The northern hills of the island currently have an abundance of fruits. The largest fruit is called Mpira or Saba comorensis. Saba c. has a hard outer casing which stops the worms from entering inside, you can chew the seeds but it tastes extremely sour and I haven’t managed to eat a whole one yet, although JL loves them.
These little fruits resemble apples both in appearance and taste. Their latin name is Parinari curatellifolia. I made a jam using them and bananas last month, and it was delicious. JP couldn’t get enough of it.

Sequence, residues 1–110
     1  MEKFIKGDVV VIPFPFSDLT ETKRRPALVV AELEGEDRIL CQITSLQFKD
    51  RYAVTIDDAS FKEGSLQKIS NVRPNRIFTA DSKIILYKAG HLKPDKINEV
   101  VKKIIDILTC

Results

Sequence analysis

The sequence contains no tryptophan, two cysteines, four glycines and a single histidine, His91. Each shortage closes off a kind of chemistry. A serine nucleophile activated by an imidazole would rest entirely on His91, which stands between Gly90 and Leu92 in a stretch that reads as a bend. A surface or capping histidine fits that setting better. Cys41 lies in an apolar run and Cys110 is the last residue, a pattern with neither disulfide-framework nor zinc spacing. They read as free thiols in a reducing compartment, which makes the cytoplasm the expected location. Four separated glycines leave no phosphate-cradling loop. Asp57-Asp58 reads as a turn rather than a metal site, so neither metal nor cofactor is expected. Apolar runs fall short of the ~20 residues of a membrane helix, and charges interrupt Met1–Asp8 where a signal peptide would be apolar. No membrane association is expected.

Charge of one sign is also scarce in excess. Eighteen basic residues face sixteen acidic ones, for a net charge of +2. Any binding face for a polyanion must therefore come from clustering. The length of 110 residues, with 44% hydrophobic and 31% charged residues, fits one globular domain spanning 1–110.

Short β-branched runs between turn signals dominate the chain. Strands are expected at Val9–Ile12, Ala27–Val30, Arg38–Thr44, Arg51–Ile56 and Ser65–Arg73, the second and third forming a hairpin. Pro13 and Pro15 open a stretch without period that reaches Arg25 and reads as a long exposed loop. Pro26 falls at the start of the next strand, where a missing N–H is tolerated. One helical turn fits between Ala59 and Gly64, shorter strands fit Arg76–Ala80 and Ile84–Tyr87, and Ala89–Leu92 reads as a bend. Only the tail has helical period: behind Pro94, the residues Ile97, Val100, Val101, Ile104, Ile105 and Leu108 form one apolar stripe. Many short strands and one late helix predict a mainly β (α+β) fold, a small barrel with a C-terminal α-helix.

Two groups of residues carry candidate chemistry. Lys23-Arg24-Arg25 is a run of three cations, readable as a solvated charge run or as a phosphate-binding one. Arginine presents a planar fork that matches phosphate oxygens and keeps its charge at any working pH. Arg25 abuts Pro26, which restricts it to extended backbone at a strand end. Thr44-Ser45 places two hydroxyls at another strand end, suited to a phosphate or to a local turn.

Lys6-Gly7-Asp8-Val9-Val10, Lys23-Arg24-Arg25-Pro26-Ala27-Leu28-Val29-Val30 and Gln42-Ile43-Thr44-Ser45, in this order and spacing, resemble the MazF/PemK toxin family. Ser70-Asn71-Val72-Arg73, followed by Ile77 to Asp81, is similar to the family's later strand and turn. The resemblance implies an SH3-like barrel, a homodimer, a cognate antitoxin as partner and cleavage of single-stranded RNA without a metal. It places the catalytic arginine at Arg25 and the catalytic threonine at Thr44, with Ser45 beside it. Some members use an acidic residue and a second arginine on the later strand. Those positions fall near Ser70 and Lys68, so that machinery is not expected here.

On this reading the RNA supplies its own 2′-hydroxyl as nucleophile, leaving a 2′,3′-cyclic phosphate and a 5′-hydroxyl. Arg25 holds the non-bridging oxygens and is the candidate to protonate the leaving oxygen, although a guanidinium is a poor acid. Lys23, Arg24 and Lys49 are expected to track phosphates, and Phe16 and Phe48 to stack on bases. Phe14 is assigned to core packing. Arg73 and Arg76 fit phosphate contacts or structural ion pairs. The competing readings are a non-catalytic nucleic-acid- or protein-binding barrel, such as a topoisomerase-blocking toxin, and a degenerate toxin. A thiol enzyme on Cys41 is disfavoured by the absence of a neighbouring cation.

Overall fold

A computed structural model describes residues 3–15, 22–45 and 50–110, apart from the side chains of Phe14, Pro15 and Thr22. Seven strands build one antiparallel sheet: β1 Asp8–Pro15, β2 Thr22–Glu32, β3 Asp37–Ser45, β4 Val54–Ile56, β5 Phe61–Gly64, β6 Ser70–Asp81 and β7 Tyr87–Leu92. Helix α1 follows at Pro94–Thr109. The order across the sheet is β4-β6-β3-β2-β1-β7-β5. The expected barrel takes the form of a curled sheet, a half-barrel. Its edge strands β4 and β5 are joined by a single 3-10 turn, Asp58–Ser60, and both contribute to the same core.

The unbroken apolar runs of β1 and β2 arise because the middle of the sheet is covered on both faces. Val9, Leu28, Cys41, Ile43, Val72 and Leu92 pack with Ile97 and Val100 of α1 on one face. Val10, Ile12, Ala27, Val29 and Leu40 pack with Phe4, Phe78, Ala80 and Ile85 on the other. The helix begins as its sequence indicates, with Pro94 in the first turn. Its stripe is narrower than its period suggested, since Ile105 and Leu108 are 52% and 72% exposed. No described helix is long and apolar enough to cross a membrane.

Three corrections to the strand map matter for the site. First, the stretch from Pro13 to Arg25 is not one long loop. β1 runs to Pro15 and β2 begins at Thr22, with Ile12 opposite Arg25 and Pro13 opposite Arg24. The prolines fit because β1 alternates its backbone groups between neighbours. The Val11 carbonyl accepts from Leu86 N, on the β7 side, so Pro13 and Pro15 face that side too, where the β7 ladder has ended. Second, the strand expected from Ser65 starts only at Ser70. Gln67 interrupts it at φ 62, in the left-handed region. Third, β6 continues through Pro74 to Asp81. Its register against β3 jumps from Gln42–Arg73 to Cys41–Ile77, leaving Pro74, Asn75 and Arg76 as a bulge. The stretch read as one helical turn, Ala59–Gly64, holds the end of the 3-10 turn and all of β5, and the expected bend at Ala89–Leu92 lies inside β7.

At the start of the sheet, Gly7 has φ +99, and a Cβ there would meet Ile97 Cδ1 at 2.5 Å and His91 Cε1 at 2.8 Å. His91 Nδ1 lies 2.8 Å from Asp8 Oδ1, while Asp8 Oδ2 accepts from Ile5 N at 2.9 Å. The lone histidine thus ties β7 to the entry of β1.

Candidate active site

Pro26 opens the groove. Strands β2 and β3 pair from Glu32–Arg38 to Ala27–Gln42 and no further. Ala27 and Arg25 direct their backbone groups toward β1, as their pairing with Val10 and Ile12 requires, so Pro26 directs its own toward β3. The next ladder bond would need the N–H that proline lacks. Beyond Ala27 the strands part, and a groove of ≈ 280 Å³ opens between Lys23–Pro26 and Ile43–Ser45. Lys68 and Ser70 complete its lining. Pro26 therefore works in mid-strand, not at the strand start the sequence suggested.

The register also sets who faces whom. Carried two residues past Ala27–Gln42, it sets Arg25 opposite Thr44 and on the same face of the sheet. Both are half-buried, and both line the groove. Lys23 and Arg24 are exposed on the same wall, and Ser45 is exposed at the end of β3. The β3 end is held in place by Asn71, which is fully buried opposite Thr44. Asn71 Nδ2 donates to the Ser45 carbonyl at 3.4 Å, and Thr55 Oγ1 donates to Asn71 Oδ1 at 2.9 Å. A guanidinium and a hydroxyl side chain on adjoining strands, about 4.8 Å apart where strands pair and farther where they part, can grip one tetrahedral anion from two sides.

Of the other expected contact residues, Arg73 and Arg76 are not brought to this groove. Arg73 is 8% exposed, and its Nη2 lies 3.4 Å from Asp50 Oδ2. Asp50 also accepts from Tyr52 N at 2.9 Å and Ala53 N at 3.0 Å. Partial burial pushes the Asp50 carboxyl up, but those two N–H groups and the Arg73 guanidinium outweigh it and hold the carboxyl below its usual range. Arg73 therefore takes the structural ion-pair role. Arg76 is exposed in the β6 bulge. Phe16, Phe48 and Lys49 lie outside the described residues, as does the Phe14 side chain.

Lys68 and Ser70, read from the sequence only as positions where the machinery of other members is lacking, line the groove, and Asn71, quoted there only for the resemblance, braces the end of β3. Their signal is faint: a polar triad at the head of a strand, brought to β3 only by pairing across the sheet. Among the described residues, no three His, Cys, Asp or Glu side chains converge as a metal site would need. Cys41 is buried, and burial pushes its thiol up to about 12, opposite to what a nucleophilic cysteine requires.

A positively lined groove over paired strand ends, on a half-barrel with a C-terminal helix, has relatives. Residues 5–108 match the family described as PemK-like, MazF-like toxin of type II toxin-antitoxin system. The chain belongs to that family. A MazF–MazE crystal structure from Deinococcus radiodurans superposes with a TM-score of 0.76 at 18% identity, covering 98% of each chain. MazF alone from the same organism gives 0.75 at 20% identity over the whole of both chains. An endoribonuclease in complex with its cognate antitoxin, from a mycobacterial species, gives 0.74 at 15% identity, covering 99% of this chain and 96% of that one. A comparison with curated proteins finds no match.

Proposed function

These smaller fruits are more palatable than mpira, from top to bottom you have Salacia sp., Carpolobia conradsiana, and Pancovia turbinata. Although Pancovia tends to have a lot of worms so you have to be careful when you try to eat one.
Above is Uvaria sp. which is very sweet.
I am excited to taste some of the other fruits which the chimps eat, but I’ll have to wait until next month when they ripen.
If you want to know more about the diet of Rubondo chimpanzees read Liza Moscovice’s article titled:
Fruit Availability, Chimpanzee Diet, and Grouping Patterns…, published in 2007, in AJP.